Despite a career 2.86 ERA, Huston Street has converted 78 percent of his save opportunities. To put that in perspective, Brian Wilson currently sports a 4.93 ERA but has successfully converted 93 percent of his save chances. Closers are a weird beast.


Comments....

.191 slugging? Wow. I remember seeing Jason Bartlett's slugging at .262 (or something like that) earlier in the year and thinking it couldn't get much worse.

I concur about Ian Stewart and tend to think Andy LaRoche is going to be viewed in a similar light in another week or so (young prospects finally being given a chance at 3B).
Posted by MPStopa at 7/22/2008 4:18:00 PM
 
One word of caution on McPherson: Albququerque. Remember when Billy Ashley was the prospect to end all prospects?
Posted by Erickson at 7/22/2008 4:59:00 PM
 
who had July 19th as the day brandon Lyon would remember he stunk?

Rauch will take over in Arizona me thinks...

Does ayala finally get to close in DC or will they go with Hanrahan?
Posted by billgoofnow at 7/22/2008 5:14:00 PM
 
Jeff - Yeah that's a good point and one I purposefully chose to ignore b/c I need him called up if only for the sake of my LABR team. McPherson is playing in a terrific environment for hitting right now. But he does have a track record as well (which also includes too manky Ks).
Posted by Dalton Del Don at 7/22/2008 5:24:00 PM
 
billgoofnow - I'll go with Hanrahan. But it's a guess.
Posted by Dalton Del Don at 7/22/2008 5:24:00 PM
 
I actually agree with that guess... I also agree that Bruce Bochy is about as dumb as it gets. I was listening to the game in the car on XM and Lincecum pitched the 5th inning and as he finished that inning the announcers were like "that will likely be all for Tim Lincecum today coming off that hospital stay"

I then find out that not only did he pitch the SIXTH but he was brought out to be slaughtered in the seventh as well.

So long as Bochy is running the show in SF, Tim Lincecum is more likely to become the next Mark Prior than he is to become the next Pedro in his prime.
Posted by billgoofnow at 7/22/2008 5:48:00 PM
 
I'll see your Omar Vizquel and raise you one Willie Bloomquist. using Isolated Power, which better measures a player's power because it filters out meaningless singles, Bloomquist is the worst slugger in baseball. His ISOP is .008. Yes, that's right -- .008. (Vizquel's for comparison's sake is .025.) Bloomquist has one XBH in 128 AB. *Thirty-seven pitchers* have a higher ISOP. Among position players, only Johnny Estrada (48 AB) and Norris Hopper (50 AB) have fewer XBH (zero). Bloomquist makes $1M and plays nearly every day.

Another word of caution on McPherson: much of his track record came at Salt Lake City.

Another kudo for Billingsley: only four pitchers have a K/9 higher than 8.0 and a G/F higher than 1.50. Billingsley, A.J. Burnett, Felix Hernandez, Edinson Volquez.
Posted by Jason Thornbury at 7/22/2008 5:54:00 PM
 
All right, Bloomquist wins. That's ridiculous.
Posted by Dalton Del Don at 7/22/2008 7:15:00 PM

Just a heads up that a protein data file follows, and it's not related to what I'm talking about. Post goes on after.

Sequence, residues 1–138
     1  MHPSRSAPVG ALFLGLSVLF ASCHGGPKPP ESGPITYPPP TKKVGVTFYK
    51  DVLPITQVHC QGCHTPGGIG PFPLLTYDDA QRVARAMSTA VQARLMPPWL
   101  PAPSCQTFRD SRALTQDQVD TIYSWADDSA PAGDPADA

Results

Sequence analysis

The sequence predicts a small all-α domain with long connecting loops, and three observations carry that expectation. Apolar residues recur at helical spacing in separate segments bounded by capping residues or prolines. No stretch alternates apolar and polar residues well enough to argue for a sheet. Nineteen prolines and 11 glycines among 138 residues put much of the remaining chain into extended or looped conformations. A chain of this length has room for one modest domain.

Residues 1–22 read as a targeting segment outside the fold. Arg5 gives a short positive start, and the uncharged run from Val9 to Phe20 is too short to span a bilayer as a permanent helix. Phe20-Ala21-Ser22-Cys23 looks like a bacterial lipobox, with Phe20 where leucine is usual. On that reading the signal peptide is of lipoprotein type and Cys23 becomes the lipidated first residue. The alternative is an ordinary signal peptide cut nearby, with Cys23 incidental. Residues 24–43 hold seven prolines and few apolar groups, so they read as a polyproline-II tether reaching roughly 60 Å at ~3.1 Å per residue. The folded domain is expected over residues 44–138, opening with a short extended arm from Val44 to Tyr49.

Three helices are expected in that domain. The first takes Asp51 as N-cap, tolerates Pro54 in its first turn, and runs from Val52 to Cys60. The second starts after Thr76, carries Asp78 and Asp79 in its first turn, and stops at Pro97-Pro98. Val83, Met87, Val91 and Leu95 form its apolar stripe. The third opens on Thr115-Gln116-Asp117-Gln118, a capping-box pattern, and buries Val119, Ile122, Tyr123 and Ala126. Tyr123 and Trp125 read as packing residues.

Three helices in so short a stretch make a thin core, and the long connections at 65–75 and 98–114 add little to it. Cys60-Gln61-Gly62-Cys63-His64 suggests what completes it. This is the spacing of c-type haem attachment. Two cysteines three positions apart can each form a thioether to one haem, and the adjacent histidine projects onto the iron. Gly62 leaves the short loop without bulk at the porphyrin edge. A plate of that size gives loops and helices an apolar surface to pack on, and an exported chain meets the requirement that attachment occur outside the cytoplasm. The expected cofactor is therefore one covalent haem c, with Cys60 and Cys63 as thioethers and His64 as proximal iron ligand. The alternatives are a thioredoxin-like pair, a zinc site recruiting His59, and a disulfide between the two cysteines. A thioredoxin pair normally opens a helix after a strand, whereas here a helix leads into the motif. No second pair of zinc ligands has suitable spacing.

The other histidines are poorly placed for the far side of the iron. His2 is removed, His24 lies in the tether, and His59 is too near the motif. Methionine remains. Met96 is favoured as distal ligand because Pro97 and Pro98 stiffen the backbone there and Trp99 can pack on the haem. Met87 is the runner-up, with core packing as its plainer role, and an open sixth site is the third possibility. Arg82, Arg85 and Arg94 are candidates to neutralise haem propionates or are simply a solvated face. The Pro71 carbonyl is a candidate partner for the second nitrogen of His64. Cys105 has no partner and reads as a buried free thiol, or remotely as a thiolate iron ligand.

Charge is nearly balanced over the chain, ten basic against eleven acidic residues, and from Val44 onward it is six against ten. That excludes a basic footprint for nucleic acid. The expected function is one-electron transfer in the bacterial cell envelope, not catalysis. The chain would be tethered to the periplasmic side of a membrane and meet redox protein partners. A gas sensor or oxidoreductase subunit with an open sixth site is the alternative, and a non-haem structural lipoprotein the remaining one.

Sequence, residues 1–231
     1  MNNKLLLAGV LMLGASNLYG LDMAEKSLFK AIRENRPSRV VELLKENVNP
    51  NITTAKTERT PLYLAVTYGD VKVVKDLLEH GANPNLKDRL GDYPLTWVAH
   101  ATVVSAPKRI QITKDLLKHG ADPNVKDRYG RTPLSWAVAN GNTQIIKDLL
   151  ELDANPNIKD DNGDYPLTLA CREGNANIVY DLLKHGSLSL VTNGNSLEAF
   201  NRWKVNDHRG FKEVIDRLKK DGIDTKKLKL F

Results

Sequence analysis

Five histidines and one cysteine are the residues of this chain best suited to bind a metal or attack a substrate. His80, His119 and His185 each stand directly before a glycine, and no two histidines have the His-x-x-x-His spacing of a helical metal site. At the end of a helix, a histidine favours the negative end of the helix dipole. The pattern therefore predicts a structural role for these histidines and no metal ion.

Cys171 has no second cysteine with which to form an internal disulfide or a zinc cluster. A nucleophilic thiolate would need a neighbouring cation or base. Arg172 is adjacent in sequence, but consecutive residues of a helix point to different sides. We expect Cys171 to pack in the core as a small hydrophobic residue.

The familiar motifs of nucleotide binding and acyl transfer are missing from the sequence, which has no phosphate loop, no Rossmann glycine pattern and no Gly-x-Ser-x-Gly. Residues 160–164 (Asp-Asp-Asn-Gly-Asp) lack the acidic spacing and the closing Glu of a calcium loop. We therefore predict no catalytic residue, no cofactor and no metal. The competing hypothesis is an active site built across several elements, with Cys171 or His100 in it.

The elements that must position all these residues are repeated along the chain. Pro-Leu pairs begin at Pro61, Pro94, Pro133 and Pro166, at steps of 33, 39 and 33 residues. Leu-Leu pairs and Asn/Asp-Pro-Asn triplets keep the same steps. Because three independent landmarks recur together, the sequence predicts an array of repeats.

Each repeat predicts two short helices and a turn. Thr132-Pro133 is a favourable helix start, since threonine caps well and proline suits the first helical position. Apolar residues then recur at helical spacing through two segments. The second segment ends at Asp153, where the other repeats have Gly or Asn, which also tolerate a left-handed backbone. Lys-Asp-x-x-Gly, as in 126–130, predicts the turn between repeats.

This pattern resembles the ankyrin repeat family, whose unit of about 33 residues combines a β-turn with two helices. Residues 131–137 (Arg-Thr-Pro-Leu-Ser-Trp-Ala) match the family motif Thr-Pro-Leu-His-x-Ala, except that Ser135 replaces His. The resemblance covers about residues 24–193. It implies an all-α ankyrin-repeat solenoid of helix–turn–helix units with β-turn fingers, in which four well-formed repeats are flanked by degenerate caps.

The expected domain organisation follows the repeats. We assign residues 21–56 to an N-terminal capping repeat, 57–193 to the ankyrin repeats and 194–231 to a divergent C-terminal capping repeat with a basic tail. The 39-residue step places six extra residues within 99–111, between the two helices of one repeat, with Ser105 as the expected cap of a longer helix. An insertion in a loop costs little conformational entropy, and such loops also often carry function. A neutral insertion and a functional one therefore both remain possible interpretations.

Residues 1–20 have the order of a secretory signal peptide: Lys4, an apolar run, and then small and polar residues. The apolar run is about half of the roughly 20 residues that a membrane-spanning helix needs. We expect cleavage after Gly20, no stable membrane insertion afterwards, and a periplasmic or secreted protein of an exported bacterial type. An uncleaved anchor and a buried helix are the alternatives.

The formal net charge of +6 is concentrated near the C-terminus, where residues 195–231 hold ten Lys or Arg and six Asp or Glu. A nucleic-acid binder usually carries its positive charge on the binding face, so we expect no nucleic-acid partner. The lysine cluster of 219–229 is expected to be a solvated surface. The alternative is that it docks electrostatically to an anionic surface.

ok DDD here's one for ya

Gun to your head - more saves between now and Oct 1 2008

Joel Hanrahan
or
Ryan Franklin
Posted by billgoofnow at 7/22/2008 8:06:00 PM
 
Really tough call. Hanrahan has more upside with the K ability, but he's also been worked awfully hard this season already. Even if Franklin has a SLIGHT higher chance at more saves from here on out, I'd go with Hanrahan, b/c he's the better pitcher and doesn't have much competition in the Nats' pen.
Posted by Dalton Del Don at 7/22/2008 8:43:00 PM
 
My money was on Saul Rivera in DC, but after seeing him used with the Nats down 5-3 tonight, having second thoughts.

And please Jeff, let's not invoke the ghost of Billy Ashley. I was convinced he and Greg Brock were the second coming of Duke Snider and Gil Hodges.
Posted by vtadave at 7/22/2008 10:32:00 PM
 
The Nats site seems to clearly confirm Hanrahan as their guy. He's the youngest of the three and with the most upside, it's the right play.
Posted by spianow at 7/22/2008 10:50:00 PM
 
I agree on hanrahan... Also factor in that ayala has just been so bad this year, it is likely hanrahan's to lose...

I think last night could prove to be a last straw for the cardinals. Their top three options in their pen have successively blown leads in each of their past three games. I bet they go out and get one of Fuentes, sherrill, or street this week. So I think franklin will get fewer than hanrahan.

That mets loss last night was an absolute embarrassment. Johan finally steps up with a big outing and the team meltsdown in the ninth. The nl world series rep is coming out of the central
Posted by billgoofnow at 7/23/2008 4:52:00 AM
 
I definitely wanted Billingsley in Puppet Show. You made me very unhappy, Dalton.
Posted by spianow at 7/23/2008 10:05:00 PM
 
I heard the Lincecum game on the radio too and was miffed. They kept saying how he was on a limited pitch count and he leaves at 121. Very strange.
Posted by skinsnut at 7/24/2008 9:34:00 AM
 

You must be logged in to post a comment. Click here to log in or register with RotoWire.com.